Cerritos College
Cerritos College • Norwalk, Calif.

Talon Marks

Cerritos College • Norwalk, Calif.

Talon Marks

Cerritos College • Norwalk, Calif.

Talon Marks

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A Day in the Life of Luis: Mentally healthy

Rebecca Aguila
“A Day in the Life of Luis” is a weekly personal column written by Luis Lemus.

May is Mental Health Awareness Month, which among the multitude of conditions is Multiple Sclerosis.

I’m going to go ahead and give a personal example of how I deal with it when the issue comes up later.

A few mental disorders, according to Webmd.com, can include but are definitely not limited to:

Anxiety & Panic Disorders.

Bipolar Disorder.


Eating Disorders.


Substance Abuse & Addiction.


To list all of them would definitely be an insurmountable task where when you think you’re all done with your list, you find out about more disorders that affect others.

Think of it as a twist on Pandora’s box– it never ends.

I know as far as Multiple Sclerosis, according to Hopkins Medicine, it says,

“For persons with relapsing-remitting MS , early in the disease, depression appears to be linked to inflammatory processes. Later, in the secondary-progressive phase, unhelpful thoughts, such as feelings of guilt, worthlessness or hopelessness are more frequent. So the depression in this case is thought to be more reactive — linked to frustrations with lifestyle changes or loss of function.”


There are many phases, and faces, to how the disease presents itself.

I was one day walking on my own without any assistance. I “graduated” to the cane for a few months.

Then, I started tripping over my own two feet with the walker which held me up for spring, summer and fall semesters before I started experiencing my legs locked up on three distinct occasions, before ultimately and unfortunately ending up in my scooter.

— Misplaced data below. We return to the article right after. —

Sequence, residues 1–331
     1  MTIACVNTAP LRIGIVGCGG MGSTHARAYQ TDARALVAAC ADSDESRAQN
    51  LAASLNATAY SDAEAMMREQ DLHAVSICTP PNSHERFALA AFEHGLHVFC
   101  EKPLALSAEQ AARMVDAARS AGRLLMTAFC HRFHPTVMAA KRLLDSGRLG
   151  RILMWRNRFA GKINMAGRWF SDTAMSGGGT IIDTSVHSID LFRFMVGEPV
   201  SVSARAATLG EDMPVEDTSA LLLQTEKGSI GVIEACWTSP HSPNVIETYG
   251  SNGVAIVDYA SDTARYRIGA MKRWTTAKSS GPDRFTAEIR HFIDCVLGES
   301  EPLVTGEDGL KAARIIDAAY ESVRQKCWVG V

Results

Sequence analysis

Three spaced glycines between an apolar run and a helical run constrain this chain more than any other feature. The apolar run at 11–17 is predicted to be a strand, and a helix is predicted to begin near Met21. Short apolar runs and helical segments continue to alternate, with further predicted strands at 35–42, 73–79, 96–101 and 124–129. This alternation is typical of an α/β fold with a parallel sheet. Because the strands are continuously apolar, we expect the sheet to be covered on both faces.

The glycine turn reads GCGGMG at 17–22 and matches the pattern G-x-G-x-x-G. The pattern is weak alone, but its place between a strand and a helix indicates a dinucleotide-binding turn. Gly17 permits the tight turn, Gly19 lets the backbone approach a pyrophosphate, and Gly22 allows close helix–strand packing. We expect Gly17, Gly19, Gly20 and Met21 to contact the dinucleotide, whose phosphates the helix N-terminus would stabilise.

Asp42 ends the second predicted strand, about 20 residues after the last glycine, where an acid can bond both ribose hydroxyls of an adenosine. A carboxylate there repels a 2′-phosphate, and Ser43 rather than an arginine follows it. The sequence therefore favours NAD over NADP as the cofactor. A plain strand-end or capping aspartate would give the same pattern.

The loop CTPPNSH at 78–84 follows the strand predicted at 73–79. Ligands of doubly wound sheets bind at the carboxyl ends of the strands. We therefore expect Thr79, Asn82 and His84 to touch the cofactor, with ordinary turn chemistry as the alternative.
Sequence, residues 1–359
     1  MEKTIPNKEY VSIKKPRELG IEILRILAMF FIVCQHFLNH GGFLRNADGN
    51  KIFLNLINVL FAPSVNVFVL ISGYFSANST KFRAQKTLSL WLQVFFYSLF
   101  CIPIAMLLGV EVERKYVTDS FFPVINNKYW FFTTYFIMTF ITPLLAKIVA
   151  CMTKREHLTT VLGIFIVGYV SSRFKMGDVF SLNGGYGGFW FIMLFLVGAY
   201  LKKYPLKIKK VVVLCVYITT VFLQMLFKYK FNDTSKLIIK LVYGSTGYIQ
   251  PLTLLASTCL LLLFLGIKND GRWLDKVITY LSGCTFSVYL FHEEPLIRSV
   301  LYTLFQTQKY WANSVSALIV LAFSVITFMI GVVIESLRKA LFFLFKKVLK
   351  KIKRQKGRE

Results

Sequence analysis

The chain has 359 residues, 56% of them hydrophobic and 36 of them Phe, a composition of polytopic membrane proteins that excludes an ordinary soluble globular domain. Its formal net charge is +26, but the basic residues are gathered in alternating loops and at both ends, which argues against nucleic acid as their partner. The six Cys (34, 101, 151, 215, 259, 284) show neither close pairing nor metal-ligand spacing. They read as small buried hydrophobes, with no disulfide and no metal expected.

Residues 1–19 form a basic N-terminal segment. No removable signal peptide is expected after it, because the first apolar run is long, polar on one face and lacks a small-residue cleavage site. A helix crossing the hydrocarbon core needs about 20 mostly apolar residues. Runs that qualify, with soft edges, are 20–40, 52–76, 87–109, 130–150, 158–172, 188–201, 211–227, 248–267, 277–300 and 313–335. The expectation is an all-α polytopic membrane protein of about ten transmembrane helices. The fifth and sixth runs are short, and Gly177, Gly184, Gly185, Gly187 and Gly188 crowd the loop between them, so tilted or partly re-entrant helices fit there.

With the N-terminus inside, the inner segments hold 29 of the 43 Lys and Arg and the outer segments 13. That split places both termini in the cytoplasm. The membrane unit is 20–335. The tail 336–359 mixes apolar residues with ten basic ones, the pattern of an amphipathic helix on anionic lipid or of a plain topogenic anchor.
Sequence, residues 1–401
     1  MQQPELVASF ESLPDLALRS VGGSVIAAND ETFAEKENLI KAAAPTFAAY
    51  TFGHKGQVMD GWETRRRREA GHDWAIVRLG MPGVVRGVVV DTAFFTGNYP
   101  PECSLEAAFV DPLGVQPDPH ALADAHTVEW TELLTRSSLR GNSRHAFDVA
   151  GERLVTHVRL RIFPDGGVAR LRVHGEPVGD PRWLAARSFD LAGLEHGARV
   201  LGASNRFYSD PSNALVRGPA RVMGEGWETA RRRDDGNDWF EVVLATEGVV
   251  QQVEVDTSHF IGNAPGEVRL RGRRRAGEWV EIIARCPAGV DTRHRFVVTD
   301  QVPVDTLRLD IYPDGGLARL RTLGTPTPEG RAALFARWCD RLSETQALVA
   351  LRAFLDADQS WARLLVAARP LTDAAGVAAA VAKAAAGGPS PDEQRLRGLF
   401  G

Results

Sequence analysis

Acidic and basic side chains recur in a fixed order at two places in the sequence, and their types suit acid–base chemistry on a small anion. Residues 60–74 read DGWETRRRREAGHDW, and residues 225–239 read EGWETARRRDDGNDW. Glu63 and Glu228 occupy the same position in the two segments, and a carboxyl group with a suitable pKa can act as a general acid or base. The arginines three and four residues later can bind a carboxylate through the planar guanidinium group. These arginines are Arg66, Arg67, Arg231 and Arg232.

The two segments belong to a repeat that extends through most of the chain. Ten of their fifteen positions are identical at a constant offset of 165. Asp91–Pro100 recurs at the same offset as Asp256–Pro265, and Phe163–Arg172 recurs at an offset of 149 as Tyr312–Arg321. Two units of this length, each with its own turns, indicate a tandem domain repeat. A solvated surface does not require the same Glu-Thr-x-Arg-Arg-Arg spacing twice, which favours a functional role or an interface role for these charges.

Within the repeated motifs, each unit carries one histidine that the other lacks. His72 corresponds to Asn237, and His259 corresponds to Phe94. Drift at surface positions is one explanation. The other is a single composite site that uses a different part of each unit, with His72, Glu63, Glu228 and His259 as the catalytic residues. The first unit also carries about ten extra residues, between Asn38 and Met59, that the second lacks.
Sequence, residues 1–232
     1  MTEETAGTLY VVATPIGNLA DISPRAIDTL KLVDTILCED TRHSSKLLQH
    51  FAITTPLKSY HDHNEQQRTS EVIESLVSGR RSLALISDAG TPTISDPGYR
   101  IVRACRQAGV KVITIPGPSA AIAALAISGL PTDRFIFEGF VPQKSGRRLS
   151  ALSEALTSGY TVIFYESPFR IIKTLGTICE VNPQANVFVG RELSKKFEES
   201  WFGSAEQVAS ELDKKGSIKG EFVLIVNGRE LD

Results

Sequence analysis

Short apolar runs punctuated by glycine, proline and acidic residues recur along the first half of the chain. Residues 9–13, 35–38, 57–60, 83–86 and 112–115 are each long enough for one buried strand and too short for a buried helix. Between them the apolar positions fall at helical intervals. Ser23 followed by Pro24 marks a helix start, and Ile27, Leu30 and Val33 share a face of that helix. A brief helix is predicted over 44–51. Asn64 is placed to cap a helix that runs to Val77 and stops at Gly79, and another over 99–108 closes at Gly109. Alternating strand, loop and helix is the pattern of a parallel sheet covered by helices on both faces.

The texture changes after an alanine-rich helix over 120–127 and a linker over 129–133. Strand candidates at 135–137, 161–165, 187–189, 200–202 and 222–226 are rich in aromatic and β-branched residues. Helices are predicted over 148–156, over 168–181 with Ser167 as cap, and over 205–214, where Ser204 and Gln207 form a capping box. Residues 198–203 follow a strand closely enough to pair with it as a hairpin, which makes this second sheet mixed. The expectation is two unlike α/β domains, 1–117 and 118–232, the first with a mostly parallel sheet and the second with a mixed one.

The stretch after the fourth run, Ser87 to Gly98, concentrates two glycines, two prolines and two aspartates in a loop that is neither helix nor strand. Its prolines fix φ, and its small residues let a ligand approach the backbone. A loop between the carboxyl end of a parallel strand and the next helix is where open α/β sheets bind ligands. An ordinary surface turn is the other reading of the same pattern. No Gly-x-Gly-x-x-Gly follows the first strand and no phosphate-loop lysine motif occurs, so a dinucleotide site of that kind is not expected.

I’m hoping that this thing stops there.

Is it maddening? Oh yeah.

Is it frustrating? More than you can imagine.

But is it depressing? In my personal opinion, it’s only that if you let it happen.

I know once feelings of depression begin to manifest in my mind, I kick the thought to the side. Like Kimberly Wilkins once said,”aint nobody got time for that!”

There is so much to do and so much to see.

I want to not only see my associates degree. I want to step onto the Fullerton campus and have to ask where this or that building is.

I want to experience a different newsroom. I want to see what other editors think about this or that topic.

I want to get to Fullerton and earn the bachelor’s degree.

More importantly, I want to see what is in store for the future.

I still have hope of seeing what is happening in the next chapter of Luis. To be honest, I have welcomed the challenge no matter what form it comes and I don’t plan to change the frame of mind anytime soon.

Can’t stop.

Won’t stop.

Ain’t got the time to be depressed. F that.

Only about two weeks to go, Falcons. Let’s get it.

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About the Contributors
Luis Lemus
Luis Lemus, Co-Sports Editor
Luis is very big on baseball and tries to attend as many games as he can when there are no classes, of course. When he is not in class or attending a baseball game, he enjoys listening to music, specifically Hip-Hop and Banda. Specifically Banda MS, Banda La Adictiva and Banda El Recodo.
Rebecca Aguila
Rebecca Aguila, Multimedia Editor
Rebecca Aguila is the currently Multi-media editor and is a 22-year-old student who is majoring Journalism who is set to graduate Spring 2021. Her dream is to create a multi-media production company that is internationally available for an array of content creators. She is a lover of all types of food and will eventually be the creator and producer of food documentary series that highlights the authentic dishes throughout the world.
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A Day in the Life of Luis: Mentally healthy